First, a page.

Supporting people at the end of their life is sacred work, according to licensed physician from the Methow Valley, Betsy Weiss. From Wenatchee to Curlew, as a volunteer with End of Life Washington, she has supported people as they make decisions about the way they want to leave this world and are considering using Washington’s Death with Dignity law.
Being of service to those making their end-of-life choices is nothing new to Betsy. Her inspiration to serve others at the end of their days was passed down from her parents.
“My mother was very clear about what was important to her about how she lived her life, as well as what she hoped for herself in her death. It was a conversation that came easily for her. She believed we all should be able to hasten our death if the burden of dying became too great,” Betsy says. “Having more control over one’s decisions at the end of one’s life leads to more peace at the time of death.”
Weiss notes that illness, more specifically serious illness, can make life feel out of control. “Knowing they can choose the time and circumstances of their death, if suffering from loss of autonomy or ability to engage in life becomes too great, can provide a great deal of comfort. Empowerment brings peace of mind.”
End-of-life work and being with people as they die “is a privilege and an honor,” Betsy says. “When I’m with families, I’m witness to their grief, but I’m also witness to the peace that comes with having shared that moment of quiet separation from the person they love.”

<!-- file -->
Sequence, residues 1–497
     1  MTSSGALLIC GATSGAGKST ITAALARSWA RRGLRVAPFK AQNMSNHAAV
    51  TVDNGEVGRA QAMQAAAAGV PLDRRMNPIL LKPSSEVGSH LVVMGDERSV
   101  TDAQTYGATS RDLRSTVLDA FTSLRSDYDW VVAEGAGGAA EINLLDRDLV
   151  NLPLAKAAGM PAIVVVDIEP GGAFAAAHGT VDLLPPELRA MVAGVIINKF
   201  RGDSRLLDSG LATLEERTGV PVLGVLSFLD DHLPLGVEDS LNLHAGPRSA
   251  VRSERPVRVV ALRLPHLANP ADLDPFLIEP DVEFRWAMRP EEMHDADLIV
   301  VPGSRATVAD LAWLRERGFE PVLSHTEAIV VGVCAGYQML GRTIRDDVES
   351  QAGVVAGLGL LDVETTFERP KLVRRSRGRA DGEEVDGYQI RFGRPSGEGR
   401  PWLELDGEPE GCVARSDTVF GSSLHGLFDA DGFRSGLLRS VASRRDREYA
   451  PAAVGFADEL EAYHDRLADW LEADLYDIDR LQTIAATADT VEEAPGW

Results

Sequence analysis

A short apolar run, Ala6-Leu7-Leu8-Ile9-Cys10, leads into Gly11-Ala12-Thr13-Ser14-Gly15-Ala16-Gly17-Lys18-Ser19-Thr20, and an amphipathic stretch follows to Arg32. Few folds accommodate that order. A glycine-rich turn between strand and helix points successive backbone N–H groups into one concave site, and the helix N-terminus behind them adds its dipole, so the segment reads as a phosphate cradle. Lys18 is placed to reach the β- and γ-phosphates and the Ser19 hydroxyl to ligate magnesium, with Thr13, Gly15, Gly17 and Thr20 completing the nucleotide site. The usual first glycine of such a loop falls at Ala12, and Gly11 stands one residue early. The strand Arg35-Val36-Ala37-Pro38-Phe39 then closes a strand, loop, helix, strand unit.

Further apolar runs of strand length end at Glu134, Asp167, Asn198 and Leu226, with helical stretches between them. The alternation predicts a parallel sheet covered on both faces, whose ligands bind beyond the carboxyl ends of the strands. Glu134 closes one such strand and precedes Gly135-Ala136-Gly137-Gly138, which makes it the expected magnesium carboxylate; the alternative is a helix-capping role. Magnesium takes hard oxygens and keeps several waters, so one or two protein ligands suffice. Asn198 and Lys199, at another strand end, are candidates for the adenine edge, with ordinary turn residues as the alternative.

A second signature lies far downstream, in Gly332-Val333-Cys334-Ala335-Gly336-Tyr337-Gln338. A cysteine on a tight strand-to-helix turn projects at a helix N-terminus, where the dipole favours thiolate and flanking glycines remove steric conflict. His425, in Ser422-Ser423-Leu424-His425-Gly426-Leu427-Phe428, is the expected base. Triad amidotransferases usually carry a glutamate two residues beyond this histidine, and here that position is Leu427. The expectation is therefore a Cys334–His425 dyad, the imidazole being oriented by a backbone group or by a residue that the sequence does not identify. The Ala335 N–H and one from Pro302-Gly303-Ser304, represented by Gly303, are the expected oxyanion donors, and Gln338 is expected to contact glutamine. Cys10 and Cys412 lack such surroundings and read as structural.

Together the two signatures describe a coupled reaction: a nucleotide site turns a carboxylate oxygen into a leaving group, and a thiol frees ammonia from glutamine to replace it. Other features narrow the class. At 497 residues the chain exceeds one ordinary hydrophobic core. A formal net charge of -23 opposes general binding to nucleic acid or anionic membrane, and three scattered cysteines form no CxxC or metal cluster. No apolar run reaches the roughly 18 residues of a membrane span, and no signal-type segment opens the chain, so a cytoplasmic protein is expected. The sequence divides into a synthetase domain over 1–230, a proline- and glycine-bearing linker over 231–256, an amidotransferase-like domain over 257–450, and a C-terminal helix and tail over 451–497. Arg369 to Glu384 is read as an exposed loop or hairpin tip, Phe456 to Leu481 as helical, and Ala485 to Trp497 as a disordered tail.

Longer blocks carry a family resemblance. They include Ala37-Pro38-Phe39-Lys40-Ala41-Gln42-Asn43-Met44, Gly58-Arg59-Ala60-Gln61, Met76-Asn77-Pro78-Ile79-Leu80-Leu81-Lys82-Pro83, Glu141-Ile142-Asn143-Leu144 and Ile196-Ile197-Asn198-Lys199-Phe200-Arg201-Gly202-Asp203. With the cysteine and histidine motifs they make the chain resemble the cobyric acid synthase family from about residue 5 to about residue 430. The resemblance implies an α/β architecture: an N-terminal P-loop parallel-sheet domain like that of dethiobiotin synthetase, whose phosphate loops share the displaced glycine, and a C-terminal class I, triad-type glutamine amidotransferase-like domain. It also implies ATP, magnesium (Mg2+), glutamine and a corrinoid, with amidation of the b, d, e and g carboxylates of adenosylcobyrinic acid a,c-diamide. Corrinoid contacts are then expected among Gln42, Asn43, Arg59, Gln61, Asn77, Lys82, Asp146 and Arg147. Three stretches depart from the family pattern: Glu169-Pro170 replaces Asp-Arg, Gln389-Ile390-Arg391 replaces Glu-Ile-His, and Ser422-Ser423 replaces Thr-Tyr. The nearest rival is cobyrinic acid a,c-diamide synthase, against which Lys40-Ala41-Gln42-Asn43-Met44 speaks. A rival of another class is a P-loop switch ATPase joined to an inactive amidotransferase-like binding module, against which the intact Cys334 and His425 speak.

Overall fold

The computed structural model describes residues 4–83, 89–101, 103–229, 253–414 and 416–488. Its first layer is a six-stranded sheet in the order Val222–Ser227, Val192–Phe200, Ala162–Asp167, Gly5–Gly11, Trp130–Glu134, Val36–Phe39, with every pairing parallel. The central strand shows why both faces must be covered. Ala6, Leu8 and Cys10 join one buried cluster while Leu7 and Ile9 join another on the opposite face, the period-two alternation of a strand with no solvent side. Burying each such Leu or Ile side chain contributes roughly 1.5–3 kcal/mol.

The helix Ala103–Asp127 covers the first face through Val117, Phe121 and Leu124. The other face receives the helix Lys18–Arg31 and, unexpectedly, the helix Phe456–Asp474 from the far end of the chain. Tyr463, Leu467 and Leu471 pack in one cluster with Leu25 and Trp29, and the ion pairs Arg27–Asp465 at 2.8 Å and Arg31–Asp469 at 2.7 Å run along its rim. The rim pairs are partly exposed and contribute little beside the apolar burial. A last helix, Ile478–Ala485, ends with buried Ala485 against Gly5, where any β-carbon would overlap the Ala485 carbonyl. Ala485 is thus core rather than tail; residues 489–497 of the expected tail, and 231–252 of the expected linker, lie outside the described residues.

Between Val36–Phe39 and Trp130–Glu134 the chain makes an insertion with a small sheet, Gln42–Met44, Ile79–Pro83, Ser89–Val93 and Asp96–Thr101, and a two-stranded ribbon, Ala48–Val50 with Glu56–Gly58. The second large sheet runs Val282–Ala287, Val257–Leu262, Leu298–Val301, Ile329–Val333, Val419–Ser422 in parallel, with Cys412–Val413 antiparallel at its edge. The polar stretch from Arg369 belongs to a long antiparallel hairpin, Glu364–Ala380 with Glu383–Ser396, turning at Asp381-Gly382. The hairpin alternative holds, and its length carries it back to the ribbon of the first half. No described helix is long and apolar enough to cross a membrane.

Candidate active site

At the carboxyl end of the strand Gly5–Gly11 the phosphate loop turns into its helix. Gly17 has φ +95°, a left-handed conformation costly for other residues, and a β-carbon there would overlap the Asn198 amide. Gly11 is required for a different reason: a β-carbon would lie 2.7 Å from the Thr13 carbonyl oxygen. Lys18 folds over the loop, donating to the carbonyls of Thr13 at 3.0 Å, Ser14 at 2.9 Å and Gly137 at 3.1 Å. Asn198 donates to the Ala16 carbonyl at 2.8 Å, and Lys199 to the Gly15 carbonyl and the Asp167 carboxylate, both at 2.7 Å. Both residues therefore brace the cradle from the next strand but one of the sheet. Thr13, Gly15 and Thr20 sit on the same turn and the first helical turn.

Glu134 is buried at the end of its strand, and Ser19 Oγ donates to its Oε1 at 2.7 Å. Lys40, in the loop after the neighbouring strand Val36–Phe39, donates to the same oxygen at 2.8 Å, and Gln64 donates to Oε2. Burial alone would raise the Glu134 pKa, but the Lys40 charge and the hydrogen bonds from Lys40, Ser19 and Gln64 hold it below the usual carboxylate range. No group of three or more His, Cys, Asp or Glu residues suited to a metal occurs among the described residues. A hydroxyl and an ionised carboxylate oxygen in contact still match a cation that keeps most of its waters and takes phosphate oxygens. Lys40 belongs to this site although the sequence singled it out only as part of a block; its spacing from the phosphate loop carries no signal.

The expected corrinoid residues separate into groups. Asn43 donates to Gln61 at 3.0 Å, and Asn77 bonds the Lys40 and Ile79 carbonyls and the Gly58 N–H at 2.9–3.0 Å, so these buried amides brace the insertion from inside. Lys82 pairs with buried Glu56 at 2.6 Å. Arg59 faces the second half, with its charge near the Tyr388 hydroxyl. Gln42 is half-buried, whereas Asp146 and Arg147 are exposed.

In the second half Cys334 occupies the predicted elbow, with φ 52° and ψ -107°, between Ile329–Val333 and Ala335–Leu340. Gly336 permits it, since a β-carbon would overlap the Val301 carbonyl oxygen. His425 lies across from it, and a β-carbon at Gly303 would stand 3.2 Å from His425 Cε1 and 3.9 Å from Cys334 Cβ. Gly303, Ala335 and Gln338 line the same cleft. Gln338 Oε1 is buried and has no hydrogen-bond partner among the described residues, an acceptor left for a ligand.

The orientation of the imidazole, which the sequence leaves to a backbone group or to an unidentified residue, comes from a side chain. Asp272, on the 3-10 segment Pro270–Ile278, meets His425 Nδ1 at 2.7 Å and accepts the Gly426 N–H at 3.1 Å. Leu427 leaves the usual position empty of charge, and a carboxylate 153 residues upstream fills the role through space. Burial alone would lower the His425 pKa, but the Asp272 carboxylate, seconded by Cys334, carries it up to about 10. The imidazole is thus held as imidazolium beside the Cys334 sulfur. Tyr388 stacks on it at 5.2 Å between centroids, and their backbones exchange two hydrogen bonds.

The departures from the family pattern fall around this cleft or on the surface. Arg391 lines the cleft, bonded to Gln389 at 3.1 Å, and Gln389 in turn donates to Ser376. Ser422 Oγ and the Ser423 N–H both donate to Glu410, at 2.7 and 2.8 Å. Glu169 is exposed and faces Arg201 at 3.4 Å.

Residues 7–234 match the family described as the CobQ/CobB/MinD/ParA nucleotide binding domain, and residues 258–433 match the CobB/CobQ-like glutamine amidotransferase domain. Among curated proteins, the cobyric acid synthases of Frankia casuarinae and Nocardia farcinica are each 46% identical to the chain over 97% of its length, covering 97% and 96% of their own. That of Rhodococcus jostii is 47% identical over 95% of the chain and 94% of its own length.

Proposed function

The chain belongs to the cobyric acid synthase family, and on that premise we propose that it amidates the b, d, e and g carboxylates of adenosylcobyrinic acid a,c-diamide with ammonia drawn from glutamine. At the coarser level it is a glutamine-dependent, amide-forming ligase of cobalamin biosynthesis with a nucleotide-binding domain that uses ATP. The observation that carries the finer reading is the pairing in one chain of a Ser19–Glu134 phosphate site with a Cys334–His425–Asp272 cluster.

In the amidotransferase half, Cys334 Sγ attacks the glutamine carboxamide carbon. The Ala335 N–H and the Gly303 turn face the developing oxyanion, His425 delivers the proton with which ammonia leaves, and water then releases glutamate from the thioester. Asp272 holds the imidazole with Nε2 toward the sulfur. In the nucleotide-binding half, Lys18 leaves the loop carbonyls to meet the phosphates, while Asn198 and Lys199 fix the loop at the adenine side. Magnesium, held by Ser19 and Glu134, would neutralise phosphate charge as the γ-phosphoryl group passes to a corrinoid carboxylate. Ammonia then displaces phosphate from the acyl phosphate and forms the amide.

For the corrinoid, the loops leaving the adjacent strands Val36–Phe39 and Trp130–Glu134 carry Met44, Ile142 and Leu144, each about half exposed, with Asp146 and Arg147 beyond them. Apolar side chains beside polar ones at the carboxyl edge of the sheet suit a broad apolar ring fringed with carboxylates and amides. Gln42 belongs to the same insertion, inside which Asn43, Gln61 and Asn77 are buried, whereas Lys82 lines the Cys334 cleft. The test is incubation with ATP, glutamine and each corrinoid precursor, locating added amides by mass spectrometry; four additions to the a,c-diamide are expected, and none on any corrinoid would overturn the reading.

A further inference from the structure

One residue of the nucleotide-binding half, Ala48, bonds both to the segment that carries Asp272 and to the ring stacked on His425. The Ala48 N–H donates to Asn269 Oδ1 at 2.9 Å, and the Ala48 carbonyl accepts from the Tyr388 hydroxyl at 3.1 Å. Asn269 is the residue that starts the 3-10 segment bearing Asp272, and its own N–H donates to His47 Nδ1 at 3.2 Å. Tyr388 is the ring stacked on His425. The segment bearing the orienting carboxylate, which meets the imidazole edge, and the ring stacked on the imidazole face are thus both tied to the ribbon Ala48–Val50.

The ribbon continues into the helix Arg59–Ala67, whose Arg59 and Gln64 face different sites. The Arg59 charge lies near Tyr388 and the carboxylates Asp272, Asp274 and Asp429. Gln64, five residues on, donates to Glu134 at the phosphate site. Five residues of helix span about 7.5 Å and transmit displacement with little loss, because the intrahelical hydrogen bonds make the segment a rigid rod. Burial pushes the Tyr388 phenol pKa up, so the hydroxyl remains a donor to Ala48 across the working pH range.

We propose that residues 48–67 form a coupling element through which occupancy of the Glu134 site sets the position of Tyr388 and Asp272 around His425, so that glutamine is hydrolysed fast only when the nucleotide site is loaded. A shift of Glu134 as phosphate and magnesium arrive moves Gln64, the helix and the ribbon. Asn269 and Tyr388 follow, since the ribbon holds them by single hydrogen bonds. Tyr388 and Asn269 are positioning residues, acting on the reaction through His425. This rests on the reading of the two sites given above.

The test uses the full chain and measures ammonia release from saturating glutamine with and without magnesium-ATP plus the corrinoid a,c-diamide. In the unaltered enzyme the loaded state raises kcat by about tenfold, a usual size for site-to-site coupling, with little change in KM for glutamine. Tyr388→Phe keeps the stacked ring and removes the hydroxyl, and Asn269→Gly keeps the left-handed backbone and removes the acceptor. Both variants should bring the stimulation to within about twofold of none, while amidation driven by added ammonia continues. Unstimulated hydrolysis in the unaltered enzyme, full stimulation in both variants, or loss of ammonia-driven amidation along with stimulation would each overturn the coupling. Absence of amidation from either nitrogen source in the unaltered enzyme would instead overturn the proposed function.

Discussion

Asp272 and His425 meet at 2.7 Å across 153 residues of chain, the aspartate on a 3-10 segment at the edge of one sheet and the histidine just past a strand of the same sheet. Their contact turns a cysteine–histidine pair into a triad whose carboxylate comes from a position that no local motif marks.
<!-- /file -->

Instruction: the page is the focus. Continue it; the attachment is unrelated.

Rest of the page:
You don’t need to be a doctor like Betsy, a counselor, or a nurse to be able to serve as a volunteer in this field.
To serve as an End of Life Washington volunteer, you must be able to talk openly about death; a tough task in today’s culture. Humility, self-awareness, teamwork, and the ability to listen, all come in really handy, as well.
“The biggest thing is to leave the chaos of life behind, so you can truly be present when you’re talking with someone facing death,” she says, adding that “taking a moment to slow down and focus on the person you are there to serve before entering the room is helpful.”
To serve as an End of Life Washington volunteer in Eastern Washington, you need to travel long distances, sometimes. The End of Life Washington volunteers east of the Cascades can be counted with very few fingers of one hand.
“We definitely need more people to respond to the requests and calls we get,” Betsy says. “Volunteers come from all types of experiences and backgrounds,” Betsy added, “and that is part of the strength of the volunteers and the work they do. A wonderful thing about being a volunteer is that we are able to share our experience with one another; learn from one another. Another great gift of the work is that it takes you out of yourself. This is not about our choices and what we want; it’s about supporting somebody in what they want.”
To read the previous article, “Increasing Access to Aid in Dying,” click here.